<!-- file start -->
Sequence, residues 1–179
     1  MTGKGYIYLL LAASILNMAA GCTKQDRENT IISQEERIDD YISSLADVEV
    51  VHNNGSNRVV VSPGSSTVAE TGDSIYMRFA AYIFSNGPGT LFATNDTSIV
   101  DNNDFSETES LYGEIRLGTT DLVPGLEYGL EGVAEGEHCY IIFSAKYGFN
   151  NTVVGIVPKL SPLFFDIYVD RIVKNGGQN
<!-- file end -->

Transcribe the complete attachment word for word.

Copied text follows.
Sequence, residues 1–179
     1  MTGKGYIYLL LAASILNMAA GCTKQDRENT IISQEERIDD YISSLADVEV
    51  VHNNGSNRVV VSPGSSTVAE TGDSIYMRFA AYIFSNGPGT LFATNDTSIV
   101  DNNDFSETES LYGEIRLGTT DLVPGLEYGL EGVAEGEHCY IIFSAKYGFN
   151  NTVVGIVPKL SPLFFDIYVD RIVKNGGQN